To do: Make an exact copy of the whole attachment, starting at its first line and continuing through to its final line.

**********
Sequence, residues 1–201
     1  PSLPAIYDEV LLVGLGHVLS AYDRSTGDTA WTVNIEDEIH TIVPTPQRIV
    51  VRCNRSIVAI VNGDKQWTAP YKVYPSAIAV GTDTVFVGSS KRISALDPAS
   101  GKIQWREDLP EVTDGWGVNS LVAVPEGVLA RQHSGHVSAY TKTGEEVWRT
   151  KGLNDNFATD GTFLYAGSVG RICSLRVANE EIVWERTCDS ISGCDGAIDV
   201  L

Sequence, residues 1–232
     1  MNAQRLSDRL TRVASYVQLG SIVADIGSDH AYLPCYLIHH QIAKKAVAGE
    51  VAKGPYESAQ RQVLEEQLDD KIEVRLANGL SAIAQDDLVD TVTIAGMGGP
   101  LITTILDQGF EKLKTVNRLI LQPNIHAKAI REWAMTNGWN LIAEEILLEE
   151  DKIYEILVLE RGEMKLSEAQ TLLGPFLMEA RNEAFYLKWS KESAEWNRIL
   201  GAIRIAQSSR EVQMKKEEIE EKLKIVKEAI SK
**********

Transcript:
Sequence, residues 1–201
     1  PSLPAIYDEV LLVGLGHVLS AYDRSTGDTA WTVNIEDEIH TIVPTPQRIV
    51  VRCNRSIVAI VNGDKQWTAP YKVYPSAIAV GTDTVFVGSS KRISALDPAS
   101  GKIQWREDLP EVTDGWGVNS LVAVPEGVLA RQHSGHVSAY TKTGEEVWRT
   151  KGLNDNFATD GTFLYAGSVG RICSLRVANE EIVWERTCDS ISGCDGAIDV
   201  L

Sequence, residues 1–232
     1  MNAQRLSDRL TRVASYVQLG SIVADIGSDH AYLPCYLIHH QIAKKAVAGE
    51  VAKGPYESAQ RQVLEEQLDD KIEVRLANGL SAIAQDDLVD TVTIAGMGGP
   101  LITTILDQGF EKLKTVNRLI LQPNIHAKAI REWAMTNGWN LIAEEILLEE
   151  DKIYEILVLE RGEMKLSEAQ TLLGPFLMEA RNEAFYLKWS KESAEWNRIL
   201  GAIRIAQSSR EVQMKKEEIE EKLKIVKEAI SK